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"Come quickly, I am tasting the stars!" - Dom Pérignon 

Champagne Method

What is the Champagne Method?

  • Champagne is unique in that it undergoes not one, but two alcoholic fermentations. This process simply uses yeast to convert the natural sugars found in the grape must into alcohol, with a bi product of carbon dioxide (CO2). Fermentation helps to influence the final flavours and aromas of the wine by contributing yeast like or ‘autolytic’ flavours and aromas.


  • The first fermentation happens in stainless steel (sometimes in oak), after the grapes have been pressed. The second fermentation happens later on in the bottle. Fermenting in Oak can add further oak derived flavours and aromas such as nuts, wood, and toast.


  • Malolactic fermentation (MLF) is an optional process (normally used) that transforms malic acid into lactic acid. MLF also influences the aromas and flavours by providing lactic flavours as well as lowering high acidity and creating a soft, creamy texture. Winemakers looking to create a fresh, crisp and fruity style of Champagne would avoid this process and only use stainless steel during both the fermentation and maturation process.

  • Clarification is the final process before bottling that ‘cleans’ the wine by removing impurities and ensuring the liquid is crystal clear. Wine makers can fine, filter or use centrifuging or crossflow filtration to achieve this. Lees (dead yeast cells that are left in the wine to add autolytic favours) are also removed at this stage. We are now left with ‘vins clairs’ or a ‘base wine’ which can now be used to blend and create a final liquid ready to bottle.

Champagne Method

The Grapes

There are seven permitted grape varieties in the Champagne region, and each are planted in various locations to best display the ‘terroir’ of that plot.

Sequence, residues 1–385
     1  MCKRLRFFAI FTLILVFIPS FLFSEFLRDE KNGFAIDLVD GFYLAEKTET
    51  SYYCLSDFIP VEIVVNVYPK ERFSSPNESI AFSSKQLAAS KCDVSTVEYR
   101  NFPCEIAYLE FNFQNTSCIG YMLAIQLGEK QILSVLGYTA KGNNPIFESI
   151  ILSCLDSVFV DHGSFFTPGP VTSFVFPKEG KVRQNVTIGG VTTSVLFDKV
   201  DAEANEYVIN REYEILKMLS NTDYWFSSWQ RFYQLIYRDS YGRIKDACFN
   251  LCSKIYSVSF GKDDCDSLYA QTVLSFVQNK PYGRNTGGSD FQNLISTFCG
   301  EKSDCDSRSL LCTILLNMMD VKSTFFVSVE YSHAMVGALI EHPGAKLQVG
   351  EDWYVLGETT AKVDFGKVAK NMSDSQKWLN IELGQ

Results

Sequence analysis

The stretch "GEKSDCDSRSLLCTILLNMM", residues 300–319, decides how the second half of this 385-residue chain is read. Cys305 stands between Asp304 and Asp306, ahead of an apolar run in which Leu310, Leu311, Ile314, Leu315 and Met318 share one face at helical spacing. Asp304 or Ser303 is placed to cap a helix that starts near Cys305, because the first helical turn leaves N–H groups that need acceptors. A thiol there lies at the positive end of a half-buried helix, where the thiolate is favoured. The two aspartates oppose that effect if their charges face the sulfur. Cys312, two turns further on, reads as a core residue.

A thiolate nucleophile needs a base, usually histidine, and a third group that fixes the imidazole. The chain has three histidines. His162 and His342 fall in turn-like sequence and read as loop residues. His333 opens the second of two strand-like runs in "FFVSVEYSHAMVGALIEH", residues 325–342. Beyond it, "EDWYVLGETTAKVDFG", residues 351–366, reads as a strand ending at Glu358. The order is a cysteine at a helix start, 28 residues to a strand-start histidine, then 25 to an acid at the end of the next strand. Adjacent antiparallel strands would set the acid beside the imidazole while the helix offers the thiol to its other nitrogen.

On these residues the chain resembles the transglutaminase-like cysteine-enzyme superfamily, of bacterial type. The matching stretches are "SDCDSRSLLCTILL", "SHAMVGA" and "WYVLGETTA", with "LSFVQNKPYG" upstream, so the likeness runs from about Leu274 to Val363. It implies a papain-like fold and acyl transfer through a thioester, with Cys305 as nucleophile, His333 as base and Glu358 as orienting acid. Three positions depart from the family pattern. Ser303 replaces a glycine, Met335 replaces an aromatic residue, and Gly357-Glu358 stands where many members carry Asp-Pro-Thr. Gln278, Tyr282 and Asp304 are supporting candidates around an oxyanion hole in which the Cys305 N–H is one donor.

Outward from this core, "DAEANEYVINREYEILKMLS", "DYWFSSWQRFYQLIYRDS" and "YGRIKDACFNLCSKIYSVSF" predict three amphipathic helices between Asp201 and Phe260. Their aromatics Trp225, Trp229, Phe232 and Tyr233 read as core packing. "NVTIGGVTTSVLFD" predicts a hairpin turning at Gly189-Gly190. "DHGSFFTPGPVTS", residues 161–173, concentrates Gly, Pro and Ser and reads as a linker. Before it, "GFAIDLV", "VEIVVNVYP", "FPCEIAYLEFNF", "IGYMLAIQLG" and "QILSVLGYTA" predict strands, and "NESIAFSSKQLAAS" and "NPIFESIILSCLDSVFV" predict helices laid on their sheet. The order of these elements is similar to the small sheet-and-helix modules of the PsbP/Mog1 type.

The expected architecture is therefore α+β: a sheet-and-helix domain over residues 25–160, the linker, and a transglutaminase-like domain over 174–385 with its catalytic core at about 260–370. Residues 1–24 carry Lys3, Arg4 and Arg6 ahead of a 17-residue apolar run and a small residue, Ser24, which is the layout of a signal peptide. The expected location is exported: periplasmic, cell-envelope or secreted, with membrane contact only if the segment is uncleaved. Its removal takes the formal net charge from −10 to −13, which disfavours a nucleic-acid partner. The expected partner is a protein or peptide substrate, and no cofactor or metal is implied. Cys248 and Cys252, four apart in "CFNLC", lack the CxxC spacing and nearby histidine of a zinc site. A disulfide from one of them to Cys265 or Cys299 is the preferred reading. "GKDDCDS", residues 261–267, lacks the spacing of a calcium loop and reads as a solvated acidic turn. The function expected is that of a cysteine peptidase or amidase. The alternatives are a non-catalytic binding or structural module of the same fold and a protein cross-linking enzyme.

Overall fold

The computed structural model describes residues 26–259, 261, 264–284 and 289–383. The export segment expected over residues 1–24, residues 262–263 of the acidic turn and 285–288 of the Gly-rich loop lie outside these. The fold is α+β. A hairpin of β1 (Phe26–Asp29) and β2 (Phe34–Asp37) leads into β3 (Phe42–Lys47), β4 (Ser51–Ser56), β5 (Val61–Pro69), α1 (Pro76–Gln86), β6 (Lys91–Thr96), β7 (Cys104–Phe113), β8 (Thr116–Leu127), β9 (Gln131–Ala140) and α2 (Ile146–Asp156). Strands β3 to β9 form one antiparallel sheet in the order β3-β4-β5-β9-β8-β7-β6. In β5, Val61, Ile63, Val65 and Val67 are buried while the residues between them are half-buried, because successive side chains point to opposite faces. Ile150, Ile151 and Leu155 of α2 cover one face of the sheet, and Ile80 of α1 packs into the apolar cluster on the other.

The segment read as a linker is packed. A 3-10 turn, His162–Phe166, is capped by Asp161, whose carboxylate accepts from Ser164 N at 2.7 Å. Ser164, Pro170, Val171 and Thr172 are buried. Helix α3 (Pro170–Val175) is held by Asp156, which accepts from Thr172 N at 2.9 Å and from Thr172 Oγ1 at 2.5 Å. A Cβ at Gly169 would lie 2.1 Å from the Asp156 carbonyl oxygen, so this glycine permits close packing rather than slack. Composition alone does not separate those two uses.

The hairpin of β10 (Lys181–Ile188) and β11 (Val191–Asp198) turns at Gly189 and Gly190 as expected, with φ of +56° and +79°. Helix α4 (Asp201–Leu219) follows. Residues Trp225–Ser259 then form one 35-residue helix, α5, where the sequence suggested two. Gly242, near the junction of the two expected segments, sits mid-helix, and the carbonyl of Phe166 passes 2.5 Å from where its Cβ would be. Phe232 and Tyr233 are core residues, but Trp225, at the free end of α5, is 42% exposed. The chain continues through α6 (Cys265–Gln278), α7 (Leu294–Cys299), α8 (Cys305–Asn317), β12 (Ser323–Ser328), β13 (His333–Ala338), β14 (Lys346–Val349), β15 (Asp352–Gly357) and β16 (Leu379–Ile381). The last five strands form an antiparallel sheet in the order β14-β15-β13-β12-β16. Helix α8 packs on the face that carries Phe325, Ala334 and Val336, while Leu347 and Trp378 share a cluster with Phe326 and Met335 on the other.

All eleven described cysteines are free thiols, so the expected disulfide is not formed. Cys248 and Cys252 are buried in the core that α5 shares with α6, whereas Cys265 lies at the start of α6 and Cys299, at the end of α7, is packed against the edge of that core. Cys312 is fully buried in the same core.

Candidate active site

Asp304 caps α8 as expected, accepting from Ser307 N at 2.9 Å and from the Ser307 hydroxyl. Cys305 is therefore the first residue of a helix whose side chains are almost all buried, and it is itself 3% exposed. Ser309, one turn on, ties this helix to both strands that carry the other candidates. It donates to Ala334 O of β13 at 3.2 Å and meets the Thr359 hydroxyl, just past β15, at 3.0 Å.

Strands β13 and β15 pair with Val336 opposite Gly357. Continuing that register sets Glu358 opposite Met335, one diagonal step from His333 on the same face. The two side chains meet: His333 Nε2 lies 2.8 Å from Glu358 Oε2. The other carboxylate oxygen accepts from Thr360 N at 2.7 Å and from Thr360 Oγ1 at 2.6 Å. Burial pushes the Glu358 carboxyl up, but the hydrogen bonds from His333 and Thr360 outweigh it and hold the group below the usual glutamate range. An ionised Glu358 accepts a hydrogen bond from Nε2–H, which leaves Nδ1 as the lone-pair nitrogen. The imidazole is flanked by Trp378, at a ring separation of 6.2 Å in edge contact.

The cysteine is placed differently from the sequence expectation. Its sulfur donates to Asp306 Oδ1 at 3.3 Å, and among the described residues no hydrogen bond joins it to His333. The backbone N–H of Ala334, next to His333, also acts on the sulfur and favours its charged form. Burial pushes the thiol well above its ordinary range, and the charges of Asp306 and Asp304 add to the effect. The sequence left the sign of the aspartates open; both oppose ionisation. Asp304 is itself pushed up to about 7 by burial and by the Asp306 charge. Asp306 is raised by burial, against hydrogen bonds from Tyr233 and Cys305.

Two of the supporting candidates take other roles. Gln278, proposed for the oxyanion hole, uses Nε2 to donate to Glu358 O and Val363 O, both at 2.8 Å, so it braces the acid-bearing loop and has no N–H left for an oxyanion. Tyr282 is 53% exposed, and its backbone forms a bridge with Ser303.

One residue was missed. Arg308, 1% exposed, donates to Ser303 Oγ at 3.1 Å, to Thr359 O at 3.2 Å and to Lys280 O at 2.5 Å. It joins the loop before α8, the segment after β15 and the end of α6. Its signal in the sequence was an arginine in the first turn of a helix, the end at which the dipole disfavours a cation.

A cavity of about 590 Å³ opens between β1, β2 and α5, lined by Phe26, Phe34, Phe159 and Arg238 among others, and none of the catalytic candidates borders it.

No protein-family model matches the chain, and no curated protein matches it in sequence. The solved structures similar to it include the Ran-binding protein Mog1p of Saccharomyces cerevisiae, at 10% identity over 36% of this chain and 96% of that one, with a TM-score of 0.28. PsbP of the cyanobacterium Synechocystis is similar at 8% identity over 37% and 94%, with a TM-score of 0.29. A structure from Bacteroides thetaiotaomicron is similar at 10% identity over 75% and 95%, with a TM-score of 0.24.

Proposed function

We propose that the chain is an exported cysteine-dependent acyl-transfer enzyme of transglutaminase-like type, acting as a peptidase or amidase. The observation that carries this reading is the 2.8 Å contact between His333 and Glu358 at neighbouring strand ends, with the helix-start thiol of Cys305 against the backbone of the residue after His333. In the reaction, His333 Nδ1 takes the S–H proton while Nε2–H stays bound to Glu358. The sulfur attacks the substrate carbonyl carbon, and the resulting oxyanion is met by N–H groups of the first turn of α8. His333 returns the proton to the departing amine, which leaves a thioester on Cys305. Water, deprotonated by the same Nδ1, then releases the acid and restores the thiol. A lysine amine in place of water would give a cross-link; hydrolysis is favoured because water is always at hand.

The plantings are predominantly made up of the black grape varietals (Pinot Noir and Meunier), as well as the most important white grape (Chardonnay), followed by a total representation of 0.3% of plantings made up by the remaining white grapes (Arbane, Petit Meslier, Pinot Blanc and Pinot Gris).


The Grapes

Champagne Vintages

The term ‘vintage’ in regard to Champagne simply describes a bottle that has been made with grapes from a single year. A 'non-vintage' on the other hand refers to a Champagne that has been created by blending parcels of base wine from several separate years.

Neither are superior as the resulting style are very different.

A vintage Champagne should only be created from an outstanding year’s harvest, and should express the characteristics of that year, whereas a non-vintage Champagne is created to produce wines with a house's style that is consistent year on year.

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Life Cycle of a Vine

Vine Life Cycle

Glossary of Terms

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